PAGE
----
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Wheatbelt freight network upgrades shore up West Australia food reserves

Key agricultural areas and crucial transport supply chains in the Western Australian Wheatbelt have been prioritised by major funding on behalf of both state and federal governments.

With an additional $20 million secured in a second tranche of funding this week, the Wheatbelt Freight Network program will ensure upgrades to 95 kilometres of regional roads in Western Australia are completed this year.

Established last year to increase freight efficiency and productivity, reduce vehicle-operating cost and improve road safety along strategic freight routes within the Wheatbelt region of Western Australia, the investment complements the Revitalising Agricultural Region Freight Strategy.

As Australia comes to grips with export tariffs and its changing relationships with trade partners such as China, transport projects across the Wheatbelt region have been prioritised as the WA Government further develops an Infrastructure Australia business case to support future investment in Western Australia Agricultural Supply Chain Improvements.

The business case involves consideration of upgrades to both the primary and secondary road freight network and Tier 1, 2 and 3 freight rail infrastructure.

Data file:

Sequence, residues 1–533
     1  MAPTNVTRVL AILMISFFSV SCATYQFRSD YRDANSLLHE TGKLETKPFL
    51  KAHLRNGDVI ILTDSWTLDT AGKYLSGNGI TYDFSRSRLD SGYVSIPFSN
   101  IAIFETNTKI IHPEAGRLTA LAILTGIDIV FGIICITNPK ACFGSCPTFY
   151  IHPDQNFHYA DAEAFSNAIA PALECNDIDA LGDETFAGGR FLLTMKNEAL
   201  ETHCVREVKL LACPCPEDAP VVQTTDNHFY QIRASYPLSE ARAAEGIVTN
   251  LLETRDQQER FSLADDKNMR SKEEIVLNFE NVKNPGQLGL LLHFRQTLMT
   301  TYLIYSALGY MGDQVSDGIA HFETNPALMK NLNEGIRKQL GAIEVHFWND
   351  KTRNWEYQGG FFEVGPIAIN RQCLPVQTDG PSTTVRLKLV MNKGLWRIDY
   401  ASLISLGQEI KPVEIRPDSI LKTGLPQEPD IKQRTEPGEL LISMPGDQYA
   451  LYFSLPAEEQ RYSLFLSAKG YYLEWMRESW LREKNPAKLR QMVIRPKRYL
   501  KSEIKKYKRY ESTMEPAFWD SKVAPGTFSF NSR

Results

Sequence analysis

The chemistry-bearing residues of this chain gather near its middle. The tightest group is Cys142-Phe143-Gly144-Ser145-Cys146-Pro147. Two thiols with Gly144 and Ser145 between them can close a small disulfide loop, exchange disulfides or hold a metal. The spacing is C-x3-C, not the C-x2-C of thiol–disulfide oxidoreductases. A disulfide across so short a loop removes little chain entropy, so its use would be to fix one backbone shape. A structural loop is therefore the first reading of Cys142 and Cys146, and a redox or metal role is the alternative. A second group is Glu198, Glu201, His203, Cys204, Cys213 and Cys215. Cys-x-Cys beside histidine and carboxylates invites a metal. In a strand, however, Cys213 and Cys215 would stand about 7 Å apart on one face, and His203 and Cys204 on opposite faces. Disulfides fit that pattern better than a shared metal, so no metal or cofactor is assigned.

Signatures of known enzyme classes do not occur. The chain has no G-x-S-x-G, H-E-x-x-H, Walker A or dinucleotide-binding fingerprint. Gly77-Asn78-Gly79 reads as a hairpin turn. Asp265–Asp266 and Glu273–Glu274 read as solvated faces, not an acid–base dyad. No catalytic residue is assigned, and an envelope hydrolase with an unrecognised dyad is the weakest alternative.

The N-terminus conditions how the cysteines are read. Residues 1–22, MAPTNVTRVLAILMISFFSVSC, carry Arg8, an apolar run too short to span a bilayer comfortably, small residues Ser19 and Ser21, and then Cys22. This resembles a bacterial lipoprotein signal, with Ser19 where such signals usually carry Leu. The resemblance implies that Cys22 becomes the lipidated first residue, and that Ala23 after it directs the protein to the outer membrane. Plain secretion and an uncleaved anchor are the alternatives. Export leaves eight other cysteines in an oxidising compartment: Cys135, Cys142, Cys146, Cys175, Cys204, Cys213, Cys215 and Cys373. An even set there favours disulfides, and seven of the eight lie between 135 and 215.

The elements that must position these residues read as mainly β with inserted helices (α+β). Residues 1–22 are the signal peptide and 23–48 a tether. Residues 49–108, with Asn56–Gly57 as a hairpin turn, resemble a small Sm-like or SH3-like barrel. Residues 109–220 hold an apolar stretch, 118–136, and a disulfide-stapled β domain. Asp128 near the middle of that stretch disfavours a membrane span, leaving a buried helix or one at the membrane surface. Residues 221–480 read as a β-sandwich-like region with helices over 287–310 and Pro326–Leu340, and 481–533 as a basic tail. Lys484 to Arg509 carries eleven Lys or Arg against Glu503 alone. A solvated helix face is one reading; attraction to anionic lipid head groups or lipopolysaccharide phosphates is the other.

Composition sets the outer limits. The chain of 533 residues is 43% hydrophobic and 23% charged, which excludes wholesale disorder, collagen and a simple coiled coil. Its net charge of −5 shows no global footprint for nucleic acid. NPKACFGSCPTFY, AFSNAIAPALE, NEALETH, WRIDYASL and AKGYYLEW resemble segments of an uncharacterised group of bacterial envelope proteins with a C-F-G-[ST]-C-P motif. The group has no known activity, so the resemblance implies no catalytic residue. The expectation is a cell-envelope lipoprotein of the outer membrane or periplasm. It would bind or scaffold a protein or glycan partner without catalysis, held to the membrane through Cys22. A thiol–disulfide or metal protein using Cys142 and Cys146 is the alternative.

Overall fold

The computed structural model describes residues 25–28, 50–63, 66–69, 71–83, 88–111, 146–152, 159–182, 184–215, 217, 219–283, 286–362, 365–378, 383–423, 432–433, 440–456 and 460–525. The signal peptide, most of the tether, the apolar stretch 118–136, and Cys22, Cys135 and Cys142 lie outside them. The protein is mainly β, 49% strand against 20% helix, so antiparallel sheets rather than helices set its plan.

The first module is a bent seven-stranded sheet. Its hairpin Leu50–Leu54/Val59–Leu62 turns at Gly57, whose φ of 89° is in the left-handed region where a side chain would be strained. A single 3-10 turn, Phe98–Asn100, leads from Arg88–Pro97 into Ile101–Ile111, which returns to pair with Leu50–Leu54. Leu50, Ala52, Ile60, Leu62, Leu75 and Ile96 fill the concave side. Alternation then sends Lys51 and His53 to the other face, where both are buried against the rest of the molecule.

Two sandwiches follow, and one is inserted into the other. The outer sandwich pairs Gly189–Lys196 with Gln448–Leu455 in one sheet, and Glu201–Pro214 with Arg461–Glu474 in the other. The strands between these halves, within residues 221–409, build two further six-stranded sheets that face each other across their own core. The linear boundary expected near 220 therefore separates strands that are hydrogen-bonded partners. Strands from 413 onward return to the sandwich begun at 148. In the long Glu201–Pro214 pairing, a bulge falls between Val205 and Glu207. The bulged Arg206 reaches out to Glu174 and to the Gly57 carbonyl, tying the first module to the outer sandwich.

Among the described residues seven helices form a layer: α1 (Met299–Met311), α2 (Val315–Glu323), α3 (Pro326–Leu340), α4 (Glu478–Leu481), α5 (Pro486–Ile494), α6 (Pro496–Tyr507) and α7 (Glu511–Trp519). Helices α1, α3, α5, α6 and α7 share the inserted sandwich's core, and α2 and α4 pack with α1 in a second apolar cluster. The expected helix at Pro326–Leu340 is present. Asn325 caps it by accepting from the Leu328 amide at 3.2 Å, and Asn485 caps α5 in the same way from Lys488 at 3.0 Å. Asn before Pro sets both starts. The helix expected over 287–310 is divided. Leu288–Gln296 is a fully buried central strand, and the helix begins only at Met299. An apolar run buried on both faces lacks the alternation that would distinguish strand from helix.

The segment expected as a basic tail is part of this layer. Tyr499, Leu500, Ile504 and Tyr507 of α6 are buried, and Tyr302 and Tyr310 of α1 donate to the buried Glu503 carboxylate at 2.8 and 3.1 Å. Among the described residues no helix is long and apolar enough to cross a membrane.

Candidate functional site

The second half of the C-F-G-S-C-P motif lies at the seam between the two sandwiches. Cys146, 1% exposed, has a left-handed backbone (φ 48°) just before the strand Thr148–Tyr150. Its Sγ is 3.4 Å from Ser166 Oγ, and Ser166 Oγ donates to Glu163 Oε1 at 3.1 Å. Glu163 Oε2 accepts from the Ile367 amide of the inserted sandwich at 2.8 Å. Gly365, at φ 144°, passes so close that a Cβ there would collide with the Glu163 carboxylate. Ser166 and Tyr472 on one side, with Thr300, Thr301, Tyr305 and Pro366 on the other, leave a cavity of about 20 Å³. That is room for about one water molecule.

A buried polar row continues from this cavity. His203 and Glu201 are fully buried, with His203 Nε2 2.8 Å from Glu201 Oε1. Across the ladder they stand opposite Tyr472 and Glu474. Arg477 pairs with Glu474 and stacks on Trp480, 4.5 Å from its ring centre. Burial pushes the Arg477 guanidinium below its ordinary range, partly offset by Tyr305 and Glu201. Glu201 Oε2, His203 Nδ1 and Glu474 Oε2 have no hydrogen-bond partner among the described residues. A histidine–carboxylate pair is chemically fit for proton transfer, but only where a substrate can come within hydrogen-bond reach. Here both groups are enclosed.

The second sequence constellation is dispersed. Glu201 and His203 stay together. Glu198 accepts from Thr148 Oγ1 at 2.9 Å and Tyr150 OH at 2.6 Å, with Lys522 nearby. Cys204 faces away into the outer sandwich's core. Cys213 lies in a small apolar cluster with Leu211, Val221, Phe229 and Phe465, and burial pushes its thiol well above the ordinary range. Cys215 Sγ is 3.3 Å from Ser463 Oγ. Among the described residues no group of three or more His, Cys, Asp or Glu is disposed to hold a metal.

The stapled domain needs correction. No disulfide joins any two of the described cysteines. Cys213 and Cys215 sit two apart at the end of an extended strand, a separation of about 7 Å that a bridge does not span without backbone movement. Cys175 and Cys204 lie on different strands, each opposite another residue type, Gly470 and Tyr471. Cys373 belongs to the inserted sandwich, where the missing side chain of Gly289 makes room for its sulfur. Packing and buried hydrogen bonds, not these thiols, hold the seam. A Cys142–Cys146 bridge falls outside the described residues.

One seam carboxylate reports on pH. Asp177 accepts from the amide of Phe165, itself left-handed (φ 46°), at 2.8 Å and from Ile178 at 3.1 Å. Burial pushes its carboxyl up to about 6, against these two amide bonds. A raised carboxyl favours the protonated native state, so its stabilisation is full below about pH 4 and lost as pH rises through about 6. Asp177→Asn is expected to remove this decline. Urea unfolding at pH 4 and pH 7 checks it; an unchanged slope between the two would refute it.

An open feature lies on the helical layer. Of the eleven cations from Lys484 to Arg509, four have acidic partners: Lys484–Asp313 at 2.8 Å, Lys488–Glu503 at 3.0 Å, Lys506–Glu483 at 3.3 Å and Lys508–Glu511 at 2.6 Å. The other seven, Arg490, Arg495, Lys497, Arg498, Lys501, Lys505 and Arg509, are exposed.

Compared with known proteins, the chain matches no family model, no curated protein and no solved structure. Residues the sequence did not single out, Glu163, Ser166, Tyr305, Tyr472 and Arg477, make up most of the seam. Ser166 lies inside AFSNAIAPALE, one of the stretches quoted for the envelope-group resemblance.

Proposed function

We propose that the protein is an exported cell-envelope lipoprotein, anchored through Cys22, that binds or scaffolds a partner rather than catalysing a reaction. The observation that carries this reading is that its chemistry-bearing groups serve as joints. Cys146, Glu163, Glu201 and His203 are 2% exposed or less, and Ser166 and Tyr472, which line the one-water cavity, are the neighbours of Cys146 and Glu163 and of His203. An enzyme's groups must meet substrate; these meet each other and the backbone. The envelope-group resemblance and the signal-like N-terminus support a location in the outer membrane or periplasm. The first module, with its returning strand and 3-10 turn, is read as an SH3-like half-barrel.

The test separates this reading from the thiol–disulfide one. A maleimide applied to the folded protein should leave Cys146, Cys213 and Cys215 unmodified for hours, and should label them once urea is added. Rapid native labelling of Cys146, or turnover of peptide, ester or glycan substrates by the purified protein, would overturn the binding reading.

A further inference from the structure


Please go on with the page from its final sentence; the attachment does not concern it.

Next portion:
The program aims to upgrade 53 strategic routes of approximately 4,400 kilometres of road throughout the Wheatbelt to help lower freight input costs to agricultural production and increase Australia’s international competitiveness in agricultural markets.

The $187.5 million jointly funded program is part of the Australian Government’s $4.5 billion Roads of Strategic Importance initiative.

“These upgrades will better connect businesses to domestic and international markets via Western Australia’s key ports, improving freight productivity and offering greater opportunities for business growth in the Wheatbelt region,” Minister for Infrastructure, Transport and Regional Development Michael McCormack said.

“While the focus is to assist the agricultural sector by providing better connections between agricultural regions and ports, the program will also improve access for tourism, mining and other sectors, delivering social, economic and employment benefits for all local communities,” said the Deputy Prime Minister.

Federal Member for Pearce Christian Porter said the Wheatbelt Secondary Freight Network was a vital part of Western Australia’s economic success.

“The majority of these WSFN roads used by freight vehicles are unsuited to high volumes of heavy vehicle traffic. The Australian Government is recognising the importance of this road network by funding these upgrade works,” he said.

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